Here's Why It's So Hard to Learn a Second Language as an Adult

They say you can't teach an old dog new tricks, and apparently that's definitely true when it comes to humans and language.

A new study finds that the ability for people to learn new languages begins declining at the age of 18. The study was based off a Facebook language test taken by nearly 670,000 people, which is considered one of the largest linguistic tests in history. In addition to the language learning ability declining after the age of 18, they also found that a person's chances of becoming fluent increase if they begin studying before the age of 10.

The researchers didn't determine why a person's language learning ability declines after 18, although they hypothesized that it's because the brain becomes less adaptable after that age. Therefore, adults are more likely to be "saddled with an accent and conspicuous grammatical errors."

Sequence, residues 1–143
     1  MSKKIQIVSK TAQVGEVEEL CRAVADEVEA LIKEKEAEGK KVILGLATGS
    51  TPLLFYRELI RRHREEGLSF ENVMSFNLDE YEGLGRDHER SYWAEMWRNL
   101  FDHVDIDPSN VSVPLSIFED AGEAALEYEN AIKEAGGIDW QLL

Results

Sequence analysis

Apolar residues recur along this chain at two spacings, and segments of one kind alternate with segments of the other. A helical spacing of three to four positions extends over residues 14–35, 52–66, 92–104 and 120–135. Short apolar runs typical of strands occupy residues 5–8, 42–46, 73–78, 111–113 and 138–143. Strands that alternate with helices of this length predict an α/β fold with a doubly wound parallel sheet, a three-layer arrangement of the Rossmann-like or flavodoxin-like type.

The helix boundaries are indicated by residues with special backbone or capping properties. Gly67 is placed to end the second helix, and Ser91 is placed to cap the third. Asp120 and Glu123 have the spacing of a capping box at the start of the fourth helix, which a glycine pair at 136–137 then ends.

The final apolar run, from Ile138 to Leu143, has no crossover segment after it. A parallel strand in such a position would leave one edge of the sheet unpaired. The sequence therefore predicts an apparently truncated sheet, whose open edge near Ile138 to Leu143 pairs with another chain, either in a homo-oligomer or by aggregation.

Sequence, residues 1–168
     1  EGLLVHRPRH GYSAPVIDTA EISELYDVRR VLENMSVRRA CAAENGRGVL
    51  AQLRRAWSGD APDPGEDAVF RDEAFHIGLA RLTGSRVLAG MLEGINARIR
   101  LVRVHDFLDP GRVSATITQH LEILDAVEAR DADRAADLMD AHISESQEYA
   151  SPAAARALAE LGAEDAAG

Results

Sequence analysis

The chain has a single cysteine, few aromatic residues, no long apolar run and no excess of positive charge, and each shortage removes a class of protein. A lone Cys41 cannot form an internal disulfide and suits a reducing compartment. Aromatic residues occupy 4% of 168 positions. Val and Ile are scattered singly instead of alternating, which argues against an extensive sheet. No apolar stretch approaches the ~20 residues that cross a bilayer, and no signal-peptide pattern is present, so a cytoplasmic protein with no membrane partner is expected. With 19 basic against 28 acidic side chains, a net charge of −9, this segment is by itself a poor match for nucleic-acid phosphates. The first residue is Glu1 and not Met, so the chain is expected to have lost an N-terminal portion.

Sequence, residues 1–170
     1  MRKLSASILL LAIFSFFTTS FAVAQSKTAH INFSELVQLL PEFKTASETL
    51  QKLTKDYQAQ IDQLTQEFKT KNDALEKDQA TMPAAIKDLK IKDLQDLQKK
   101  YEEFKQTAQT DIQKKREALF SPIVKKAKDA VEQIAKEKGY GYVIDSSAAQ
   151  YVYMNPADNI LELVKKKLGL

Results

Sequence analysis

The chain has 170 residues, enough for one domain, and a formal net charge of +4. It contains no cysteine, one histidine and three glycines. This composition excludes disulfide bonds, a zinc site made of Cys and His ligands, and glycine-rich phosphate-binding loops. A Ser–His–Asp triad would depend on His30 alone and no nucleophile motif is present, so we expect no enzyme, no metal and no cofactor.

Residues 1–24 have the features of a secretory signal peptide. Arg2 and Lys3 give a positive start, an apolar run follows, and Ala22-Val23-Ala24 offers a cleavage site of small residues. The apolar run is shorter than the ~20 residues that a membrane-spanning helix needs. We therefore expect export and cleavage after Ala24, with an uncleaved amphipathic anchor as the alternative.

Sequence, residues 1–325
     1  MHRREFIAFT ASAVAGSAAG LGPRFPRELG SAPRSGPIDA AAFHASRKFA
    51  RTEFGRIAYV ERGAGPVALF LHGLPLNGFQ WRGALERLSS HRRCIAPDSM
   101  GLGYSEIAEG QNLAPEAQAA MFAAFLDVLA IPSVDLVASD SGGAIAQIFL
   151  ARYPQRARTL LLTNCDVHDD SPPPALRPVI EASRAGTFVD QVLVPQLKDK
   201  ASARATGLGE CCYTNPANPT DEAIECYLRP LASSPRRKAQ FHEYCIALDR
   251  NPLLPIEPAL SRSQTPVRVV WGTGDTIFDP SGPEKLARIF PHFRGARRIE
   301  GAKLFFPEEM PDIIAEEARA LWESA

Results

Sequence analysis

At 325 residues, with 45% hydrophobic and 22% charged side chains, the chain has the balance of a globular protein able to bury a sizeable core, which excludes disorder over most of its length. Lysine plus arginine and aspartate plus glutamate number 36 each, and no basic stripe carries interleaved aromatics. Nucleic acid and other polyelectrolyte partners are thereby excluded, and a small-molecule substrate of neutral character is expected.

Basically, we've been using one language for so long our brains can't really switch our accent and grammar rules off to learn a new one.

That's not to say it's impossible for adults to learn a new language. Other studies show dedicated language learners can pick up a new one late into adulthood, and even this new study shows people who are immersed in an area where they speak a new language are more likely to pick it up. There's also the benefit that learning a new language can help stave off a decline in brain function later in life.

(h/t Mental Floss)

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